Many investors are evaluating their risk exposures given the persistent threat of a sovereign crisis emanating from Greece and the eurozone. While lowering allocations to stocks is an obvious approach to reduce risk, assessing exposures in other areas may be less straightforward. This includes the Investment Grade Corporate Bond market, where many are invested either through mutual funds or exchange traded funds. In most cases, these products have a sizable exposure to the European financial system that should be considered. Thus, dissecting these products to understand your actual exposures to a financial crisis event from the eurozone is important in setting your overall asset allocation.
Overall, the Investment Grade Corporate Bond market has been an outstanding performer since the days following the financial crisis. As discussed in my recent post Investment Grade Corporate Bonds: Quality, Performance and Income in Any Market, the asset class offers appeal for both a QE and non-QE market environment. However, a primary risk for the asset class would be the outbreak of another financial crisis. And this risk is relevant today considering the events currently percolating in Europe.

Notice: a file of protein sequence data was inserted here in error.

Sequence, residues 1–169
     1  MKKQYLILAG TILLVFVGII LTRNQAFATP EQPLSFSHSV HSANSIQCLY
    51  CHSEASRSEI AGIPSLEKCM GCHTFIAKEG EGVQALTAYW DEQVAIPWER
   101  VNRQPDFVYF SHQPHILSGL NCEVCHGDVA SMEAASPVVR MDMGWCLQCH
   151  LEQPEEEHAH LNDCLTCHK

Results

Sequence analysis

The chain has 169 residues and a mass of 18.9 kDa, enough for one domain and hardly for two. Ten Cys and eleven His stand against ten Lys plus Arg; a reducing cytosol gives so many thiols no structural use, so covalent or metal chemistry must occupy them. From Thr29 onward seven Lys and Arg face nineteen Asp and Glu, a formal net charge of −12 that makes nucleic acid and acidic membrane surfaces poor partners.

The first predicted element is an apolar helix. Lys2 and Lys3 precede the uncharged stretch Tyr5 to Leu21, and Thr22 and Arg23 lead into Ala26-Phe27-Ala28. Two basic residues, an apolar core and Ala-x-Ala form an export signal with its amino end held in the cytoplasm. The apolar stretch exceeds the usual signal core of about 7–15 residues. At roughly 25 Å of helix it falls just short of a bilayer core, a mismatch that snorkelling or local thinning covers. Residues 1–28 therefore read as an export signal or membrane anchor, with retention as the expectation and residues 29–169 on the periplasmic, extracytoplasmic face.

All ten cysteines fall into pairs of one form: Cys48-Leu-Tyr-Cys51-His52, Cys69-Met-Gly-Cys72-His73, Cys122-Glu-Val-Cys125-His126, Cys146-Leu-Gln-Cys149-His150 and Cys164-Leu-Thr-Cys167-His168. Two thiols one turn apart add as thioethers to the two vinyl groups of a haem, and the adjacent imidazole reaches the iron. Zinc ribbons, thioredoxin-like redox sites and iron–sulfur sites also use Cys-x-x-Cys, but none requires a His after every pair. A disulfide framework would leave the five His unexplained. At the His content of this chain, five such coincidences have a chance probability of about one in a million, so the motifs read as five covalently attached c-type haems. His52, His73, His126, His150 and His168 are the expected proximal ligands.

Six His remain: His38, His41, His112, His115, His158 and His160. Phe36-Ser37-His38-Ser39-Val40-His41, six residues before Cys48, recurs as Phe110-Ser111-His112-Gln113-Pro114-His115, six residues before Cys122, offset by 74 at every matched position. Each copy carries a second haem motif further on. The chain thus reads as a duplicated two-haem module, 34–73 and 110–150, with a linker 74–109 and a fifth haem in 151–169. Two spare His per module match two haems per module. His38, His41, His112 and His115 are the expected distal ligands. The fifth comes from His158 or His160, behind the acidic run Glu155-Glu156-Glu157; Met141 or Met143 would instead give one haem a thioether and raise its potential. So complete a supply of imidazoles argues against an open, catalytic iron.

To highlight how Investment Grade Corporate Bond products have exposure to the situation in Europe, I will focus on the iShares iBoxx $ Investment Grade Corporate Bond Fund ETF (LQD), which is by far the largest investment grade corporate bond ETF. While allocations are not exactly the same, the list of underlying holdings for the LQD is very similar to competing products such as the Vanguard Intermediate-Term Corporate Bond Index ETF (VCIT), the PIMCO Investment Grade Corporate Bond ETF (CORP) as well as the various mutual funds that also cover the space.
The financial sector is the segment of the corporate bond market that would likely face the most immediate pressure from an outbreak of a European sovereign debt crisis. Similar to the Lehman collapse in 2008, one of the key risks is the uncertainty over exactly what financial institutions are exposed to the final losses that may result from a sovereign default and to what degree. Concerns are particularly pronounced for European banks, not only because these institutions generally have a greater exposure to the sovereign debt in the region, but also since many are also less capitalized then their U.S. counterparts.
Dissecting the holdings in the iShares iBoxx $ Investment Grade Corporate Bond Fund ETF (LQD) reveals a notable direct exposure to European financials. Exposure by country is listed below (all percentages are as of June 21, 2011).
- United Kingdom: 4.18% of total ETF investment
- Switzerland: 2.71%
- Germany: 0.74%
- France: 0.71%
- Spain: 0.09%
In total, 8.43% of an investment in the LQD is allocated to European financial institutions. This is a size that can meaningfully impact overall performance and should not be ignored. Although neither Greece, Portugal nor Ireland shows up on the list, many of the financial institutions from these countries listed above are major holders of the debt considered at risk in the event of a default. For example, banks in the United Kingdom, France and Germany have all been widely reported as being the most exposed to Greek sovereign debt.